This is a good attitude. Any pix I take these days and hope to make a few bob out of, don't go on Flickr. The pix that do I'm happy for people to use as long as they don't try to make money.

Matt

Flyingdoctor 22 Feb 2008 13:52

I don't put any tags on mine or name them with content specific names. Surely this would slow someone down when searching for an image. They'd see a lot before they got to mine. If I post them on a forum then I expect people can use them if they wish. I'd be a bit annoyed if a big company was using any of my images for gain though. I post images on my blogs too. Some of the providers of these free sites want you to give them intellectual rights to all of your content! That doesn't seem right. I ended up using Wordpress as their policy seemed a bit better from that point.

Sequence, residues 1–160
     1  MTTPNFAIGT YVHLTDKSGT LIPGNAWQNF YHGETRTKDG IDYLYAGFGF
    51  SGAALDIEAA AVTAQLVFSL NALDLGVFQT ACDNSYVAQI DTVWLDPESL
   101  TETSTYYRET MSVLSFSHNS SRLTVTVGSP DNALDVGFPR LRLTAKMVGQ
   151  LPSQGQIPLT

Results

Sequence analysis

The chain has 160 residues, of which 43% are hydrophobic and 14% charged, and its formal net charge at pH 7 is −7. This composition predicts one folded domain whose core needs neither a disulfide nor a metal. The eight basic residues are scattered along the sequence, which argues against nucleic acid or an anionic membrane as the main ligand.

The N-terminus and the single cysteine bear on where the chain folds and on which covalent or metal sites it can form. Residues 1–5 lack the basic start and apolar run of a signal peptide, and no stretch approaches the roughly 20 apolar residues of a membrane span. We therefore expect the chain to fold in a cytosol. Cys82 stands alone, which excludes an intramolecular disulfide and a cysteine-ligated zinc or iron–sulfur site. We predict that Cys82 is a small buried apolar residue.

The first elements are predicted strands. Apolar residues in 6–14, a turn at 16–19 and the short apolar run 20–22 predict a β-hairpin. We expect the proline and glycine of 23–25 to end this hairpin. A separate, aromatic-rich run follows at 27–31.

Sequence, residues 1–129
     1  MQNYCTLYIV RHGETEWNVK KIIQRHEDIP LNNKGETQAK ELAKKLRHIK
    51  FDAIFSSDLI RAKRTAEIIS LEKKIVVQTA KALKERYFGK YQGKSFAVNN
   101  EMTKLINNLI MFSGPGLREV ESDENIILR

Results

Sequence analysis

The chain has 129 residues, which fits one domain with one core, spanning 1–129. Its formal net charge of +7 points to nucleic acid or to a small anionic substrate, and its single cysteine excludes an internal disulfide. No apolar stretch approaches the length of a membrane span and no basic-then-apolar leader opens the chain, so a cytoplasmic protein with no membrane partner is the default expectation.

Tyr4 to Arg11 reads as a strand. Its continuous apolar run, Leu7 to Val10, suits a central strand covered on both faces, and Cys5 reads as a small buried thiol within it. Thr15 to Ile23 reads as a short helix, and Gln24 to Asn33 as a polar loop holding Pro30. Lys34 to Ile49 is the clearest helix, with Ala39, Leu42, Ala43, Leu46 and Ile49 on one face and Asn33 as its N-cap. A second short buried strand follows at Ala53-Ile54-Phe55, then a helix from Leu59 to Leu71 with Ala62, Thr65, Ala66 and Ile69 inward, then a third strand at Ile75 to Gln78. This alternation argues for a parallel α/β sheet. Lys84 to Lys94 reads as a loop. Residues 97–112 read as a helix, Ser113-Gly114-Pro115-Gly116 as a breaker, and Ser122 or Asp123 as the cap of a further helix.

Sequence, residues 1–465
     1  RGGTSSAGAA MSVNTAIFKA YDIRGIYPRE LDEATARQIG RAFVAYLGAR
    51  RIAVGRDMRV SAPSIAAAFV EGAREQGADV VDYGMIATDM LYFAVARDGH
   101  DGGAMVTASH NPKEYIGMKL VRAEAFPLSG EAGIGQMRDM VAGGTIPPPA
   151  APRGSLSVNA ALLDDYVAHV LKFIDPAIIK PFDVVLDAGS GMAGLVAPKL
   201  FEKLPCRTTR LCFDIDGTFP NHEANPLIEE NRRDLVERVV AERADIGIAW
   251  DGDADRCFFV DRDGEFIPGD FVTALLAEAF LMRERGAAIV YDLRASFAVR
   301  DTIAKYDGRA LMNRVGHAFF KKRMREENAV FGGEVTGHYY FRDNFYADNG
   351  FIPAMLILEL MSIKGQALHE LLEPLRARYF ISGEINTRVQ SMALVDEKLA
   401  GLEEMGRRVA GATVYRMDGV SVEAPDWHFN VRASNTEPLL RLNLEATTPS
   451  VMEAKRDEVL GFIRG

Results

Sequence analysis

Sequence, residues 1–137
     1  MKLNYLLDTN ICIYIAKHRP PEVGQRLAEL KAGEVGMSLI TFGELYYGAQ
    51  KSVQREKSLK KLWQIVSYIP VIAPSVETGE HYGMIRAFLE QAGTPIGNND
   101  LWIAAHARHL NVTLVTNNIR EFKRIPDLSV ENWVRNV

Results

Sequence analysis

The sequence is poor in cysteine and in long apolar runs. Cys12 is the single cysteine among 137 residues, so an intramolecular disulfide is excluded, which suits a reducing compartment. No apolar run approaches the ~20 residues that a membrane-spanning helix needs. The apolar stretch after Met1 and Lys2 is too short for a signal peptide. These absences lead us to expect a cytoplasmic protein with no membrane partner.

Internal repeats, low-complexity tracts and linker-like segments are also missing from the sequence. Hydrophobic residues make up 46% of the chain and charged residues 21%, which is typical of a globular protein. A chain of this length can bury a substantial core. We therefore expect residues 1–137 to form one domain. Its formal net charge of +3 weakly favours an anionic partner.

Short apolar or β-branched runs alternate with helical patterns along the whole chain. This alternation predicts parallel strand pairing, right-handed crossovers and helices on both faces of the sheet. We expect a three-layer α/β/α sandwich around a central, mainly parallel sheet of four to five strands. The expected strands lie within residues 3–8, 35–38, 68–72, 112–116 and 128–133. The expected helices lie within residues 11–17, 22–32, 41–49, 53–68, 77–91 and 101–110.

kentfallen 22 Feb 2008 16:46

If you don't want this to happen then don't post your stuff online it's that simple. Have a look at my website - it contains 6GB of photos and none are obscured by stupid watermarks. If anyone wants to use the data then go ahead. All I ask is that the website is mentioned as the source. So there, if this kind of thing upsets you, DONT POST IT!

enfieldtravels 23 Feb 2008 13:36

If you are putting the pics up on your own site or a blog it's easy to foil all but the most determined by just dropping a quick 'no right click' tag in for each individual pic or complete page - lots of different ways to do it here: no right click, disable copy and paste, secure web site
This will also work on a lot of blog sites and some photo galleries too.
Richard